As day to day life keeps chugging along sometimes it is easy to forget where we come from. Immersing ourselves in nature is the perfect way to remember our biological and ancestral roots, take in the peace of planet. Still, nature centers do more than just provide a haven of escape. They educate adults and children on how to restore, preserve, and appreciate the natural habitats of the wildlife in the area. Here are 10 of the best nature centers in Louisiana where visitors can learn, experience, and appreciate Louisiana’s ecosystems.
Founded in 1977, the Cypress Nature Study Center is committed to educating the public about the importance of caring for our natural surroundings. The site includes an interpretive center, classroom, and animal lab. Don’t miss out on spotting the center’s famous alligators, Claudette and Clovis. Explore the 84-acre forest and wetland area on 4.5 miles of trails. From kids, to parents, to teachers themselves, the Cypress Nature Study Center can help just about everyone learn a thing or two about nature.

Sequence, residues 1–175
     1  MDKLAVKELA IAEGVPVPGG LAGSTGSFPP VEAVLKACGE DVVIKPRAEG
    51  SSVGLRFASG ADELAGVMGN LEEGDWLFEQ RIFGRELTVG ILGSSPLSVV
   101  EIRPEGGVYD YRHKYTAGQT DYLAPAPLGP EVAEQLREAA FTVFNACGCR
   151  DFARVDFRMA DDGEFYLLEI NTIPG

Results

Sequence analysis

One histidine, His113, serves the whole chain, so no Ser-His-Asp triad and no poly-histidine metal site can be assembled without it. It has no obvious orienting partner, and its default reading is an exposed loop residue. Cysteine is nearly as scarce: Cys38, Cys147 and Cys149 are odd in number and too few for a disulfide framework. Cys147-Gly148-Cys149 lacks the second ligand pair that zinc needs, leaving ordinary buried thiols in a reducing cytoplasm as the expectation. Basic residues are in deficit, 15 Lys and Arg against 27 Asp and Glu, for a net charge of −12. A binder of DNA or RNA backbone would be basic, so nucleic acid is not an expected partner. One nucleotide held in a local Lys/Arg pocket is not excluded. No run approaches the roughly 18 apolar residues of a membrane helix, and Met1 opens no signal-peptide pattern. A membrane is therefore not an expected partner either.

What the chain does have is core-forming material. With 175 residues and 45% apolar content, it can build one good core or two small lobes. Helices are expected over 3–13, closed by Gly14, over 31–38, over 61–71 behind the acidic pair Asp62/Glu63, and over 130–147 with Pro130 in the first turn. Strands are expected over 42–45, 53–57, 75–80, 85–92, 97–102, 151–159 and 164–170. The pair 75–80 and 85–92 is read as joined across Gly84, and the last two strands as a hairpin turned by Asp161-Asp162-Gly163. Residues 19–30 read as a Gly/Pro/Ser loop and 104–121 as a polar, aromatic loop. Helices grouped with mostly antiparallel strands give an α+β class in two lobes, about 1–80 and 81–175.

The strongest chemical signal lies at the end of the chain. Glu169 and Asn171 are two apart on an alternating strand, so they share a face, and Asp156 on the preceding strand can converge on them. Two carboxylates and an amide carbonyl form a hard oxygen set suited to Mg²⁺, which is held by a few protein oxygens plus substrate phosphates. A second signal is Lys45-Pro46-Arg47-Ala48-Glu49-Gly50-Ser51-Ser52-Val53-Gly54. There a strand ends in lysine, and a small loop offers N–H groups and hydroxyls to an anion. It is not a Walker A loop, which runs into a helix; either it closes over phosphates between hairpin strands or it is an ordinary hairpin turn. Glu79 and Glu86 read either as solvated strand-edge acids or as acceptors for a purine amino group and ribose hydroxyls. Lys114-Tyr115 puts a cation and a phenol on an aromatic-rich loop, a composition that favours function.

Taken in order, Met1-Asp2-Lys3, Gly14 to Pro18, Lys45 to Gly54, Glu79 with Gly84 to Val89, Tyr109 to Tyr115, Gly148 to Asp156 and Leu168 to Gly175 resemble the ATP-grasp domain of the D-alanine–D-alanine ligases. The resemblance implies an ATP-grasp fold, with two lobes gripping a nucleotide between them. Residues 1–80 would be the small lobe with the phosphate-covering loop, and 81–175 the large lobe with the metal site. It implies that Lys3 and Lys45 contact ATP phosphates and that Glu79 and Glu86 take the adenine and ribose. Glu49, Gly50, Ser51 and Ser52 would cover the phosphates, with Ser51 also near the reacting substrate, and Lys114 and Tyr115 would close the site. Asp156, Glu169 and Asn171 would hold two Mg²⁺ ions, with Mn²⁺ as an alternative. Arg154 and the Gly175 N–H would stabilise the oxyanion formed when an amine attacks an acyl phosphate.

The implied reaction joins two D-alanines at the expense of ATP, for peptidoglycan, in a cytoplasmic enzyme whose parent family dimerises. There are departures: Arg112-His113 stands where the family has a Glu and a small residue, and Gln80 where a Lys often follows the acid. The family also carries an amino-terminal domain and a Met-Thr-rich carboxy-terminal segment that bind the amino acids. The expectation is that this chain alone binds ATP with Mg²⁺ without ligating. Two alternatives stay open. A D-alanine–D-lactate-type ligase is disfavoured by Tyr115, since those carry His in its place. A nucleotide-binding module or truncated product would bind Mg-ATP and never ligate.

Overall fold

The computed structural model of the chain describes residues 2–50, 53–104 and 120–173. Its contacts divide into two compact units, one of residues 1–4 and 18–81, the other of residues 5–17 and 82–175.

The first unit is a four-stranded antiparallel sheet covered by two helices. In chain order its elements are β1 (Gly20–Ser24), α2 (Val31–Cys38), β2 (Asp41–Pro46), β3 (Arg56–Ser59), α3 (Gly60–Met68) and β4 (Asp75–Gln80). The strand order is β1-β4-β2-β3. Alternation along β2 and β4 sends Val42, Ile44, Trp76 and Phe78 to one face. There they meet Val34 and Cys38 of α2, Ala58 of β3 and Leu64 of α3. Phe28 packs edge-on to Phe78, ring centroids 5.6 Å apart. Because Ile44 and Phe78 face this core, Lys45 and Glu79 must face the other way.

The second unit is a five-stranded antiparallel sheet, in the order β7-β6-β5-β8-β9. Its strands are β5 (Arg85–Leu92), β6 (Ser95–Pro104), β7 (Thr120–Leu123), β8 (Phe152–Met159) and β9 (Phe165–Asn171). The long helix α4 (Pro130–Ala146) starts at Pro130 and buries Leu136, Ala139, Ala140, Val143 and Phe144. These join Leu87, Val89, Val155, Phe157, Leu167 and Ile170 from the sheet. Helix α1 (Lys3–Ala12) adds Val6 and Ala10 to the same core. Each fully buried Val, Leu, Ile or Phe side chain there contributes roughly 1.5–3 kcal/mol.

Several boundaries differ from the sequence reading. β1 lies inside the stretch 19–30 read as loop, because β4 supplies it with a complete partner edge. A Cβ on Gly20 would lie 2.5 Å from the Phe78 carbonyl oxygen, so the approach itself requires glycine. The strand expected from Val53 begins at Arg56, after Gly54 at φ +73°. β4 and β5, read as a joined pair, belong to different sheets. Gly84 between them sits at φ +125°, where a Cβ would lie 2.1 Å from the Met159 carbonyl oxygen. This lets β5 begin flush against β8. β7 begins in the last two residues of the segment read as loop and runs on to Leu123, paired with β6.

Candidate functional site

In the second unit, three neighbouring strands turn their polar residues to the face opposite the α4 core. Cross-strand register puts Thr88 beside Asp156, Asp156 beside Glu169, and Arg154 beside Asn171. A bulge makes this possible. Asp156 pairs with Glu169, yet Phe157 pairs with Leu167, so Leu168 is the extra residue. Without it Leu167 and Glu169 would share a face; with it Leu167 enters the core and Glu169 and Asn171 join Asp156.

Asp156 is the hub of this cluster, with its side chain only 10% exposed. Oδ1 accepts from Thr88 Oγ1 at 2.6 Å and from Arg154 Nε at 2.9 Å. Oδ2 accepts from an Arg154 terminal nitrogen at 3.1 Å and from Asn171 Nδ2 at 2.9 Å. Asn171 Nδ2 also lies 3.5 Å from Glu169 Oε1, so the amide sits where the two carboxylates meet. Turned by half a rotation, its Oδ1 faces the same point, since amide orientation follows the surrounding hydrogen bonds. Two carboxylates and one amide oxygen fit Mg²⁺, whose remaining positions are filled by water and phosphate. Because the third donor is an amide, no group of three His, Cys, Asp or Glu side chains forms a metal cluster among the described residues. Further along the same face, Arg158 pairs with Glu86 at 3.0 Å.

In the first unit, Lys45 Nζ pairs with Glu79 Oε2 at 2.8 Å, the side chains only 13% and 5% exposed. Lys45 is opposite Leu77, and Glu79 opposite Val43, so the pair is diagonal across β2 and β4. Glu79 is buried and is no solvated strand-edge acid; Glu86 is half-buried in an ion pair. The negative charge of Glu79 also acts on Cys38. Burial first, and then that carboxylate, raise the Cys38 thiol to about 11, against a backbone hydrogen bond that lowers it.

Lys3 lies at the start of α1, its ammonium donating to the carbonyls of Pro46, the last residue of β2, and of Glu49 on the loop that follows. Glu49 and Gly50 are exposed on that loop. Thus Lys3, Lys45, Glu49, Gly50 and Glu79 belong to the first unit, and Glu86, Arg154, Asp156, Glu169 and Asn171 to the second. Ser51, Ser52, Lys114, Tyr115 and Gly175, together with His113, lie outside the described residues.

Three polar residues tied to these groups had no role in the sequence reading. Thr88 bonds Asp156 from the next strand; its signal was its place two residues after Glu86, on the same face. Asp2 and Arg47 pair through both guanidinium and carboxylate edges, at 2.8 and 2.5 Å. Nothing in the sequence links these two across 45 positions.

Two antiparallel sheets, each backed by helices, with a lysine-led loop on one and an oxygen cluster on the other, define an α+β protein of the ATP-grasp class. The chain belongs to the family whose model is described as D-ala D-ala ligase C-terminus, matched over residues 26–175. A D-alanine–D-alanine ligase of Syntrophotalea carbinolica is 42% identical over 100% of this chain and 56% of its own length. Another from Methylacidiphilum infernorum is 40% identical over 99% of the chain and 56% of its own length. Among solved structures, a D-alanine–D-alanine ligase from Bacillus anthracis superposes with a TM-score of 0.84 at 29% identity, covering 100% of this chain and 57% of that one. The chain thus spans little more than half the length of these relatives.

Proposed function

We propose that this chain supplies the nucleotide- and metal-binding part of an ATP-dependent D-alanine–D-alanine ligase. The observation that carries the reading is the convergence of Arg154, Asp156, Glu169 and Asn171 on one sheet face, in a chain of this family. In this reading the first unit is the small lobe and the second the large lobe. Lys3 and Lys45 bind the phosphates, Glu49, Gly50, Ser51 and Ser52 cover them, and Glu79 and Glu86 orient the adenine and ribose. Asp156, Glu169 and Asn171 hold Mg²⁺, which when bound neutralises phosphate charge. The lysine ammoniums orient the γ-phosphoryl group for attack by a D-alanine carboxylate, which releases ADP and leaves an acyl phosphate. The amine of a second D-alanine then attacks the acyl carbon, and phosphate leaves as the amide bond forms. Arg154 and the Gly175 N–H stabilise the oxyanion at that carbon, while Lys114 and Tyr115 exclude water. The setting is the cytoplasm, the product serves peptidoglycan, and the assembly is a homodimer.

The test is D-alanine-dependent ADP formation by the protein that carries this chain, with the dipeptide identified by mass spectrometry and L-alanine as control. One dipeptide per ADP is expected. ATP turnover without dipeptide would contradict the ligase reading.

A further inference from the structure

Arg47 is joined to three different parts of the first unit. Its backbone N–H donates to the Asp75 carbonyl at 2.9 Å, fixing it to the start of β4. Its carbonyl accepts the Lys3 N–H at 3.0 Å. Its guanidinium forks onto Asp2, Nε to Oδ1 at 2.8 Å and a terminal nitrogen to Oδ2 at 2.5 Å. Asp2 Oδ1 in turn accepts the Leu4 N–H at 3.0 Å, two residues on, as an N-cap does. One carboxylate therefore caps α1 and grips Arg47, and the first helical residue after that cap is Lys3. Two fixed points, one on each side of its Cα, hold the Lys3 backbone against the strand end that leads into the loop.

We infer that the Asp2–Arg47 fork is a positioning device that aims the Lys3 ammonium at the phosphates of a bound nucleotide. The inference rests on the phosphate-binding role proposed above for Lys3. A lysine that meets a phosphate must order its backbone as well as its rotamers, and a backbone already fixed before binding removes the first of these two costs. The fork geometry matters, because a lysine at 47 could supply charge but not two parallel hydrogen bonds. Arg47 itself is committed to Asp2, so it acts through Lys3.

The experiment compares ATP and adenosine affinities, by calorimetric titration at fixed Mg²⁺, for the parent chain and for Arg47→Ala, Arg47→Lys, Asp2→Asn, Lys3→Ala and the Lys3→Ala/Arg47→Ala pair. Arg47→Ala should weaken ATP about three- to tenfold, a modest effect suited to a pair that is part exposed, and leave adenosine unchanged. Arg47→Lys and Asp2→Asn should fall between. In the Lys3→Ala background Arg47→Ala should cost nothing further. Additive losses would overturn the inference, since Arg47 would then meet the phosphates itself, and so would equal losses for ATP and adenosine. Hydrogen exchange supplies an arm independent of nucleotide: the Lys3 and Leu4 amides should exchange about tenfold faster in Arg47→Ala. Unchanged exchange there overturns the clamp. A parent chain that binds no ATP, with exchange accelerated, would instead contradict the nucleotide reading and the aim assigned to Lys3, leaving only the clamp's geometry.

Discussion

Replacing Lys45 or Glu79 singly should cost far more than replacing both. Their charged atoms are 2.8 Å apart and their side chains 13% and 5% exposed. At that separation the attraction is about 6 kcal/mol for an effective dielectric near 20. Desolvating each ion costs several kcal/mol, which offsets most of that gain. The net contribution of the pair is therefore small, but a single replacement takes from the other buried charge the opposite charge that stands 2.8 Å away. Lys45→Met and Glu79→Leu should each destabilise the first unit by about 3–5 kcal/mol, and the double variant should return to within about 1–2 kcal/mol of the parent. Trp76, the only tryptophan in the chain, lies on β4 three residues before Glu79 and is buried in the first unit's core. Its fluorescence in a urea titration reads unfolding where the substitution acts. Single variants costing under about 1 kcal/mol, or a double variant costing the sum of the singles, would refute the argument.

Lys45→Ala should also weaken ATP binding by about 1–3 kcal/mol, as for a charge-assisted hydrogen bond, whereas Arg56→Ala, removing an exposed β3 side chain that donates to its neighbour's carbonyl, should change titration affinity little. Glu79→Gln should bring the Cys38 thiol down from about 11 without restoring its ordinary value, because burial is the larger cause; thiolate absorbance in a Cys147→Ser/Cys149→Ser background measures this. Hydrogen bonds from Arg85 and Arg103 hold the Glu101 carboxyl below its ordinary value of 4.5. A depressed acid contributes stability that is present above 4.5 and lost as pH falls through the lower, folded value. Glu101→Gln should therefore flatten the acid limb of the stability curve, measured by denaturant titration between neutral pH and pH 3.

The Northlake Nature centers provides the public with three different ecosystems to observe, including hardwood forest, pine-hardwood forest and pond swamp. The nature center was established in 1982 by the Greater Covington Junior Service League, “as an independent non-profit corporation directed to preserve, study, and publicly exhibit the natural and cultural resources of the Florida Parishes in southeastern Louisiana,” according to their site. Stroll across raised boardwalks to see stunning dams crafted by area beavers.
This cypress-tupelo, beech-magnolia and hardwood forest swamp area is flourishing with wildlife. If you’re lucky, you may catch a glimpse of otters, rabbits, coyotes, deer, turtles, and more birds than you can imagine. This 103-acre facility is devoted to conservation, education, recreation and tourism, according to their site. The 9,5000-square-foot building houses live animal exhibits, presentations of the site’s flora and fauna, mineral displays, as well as a vintage waterfowl decoy carving collection.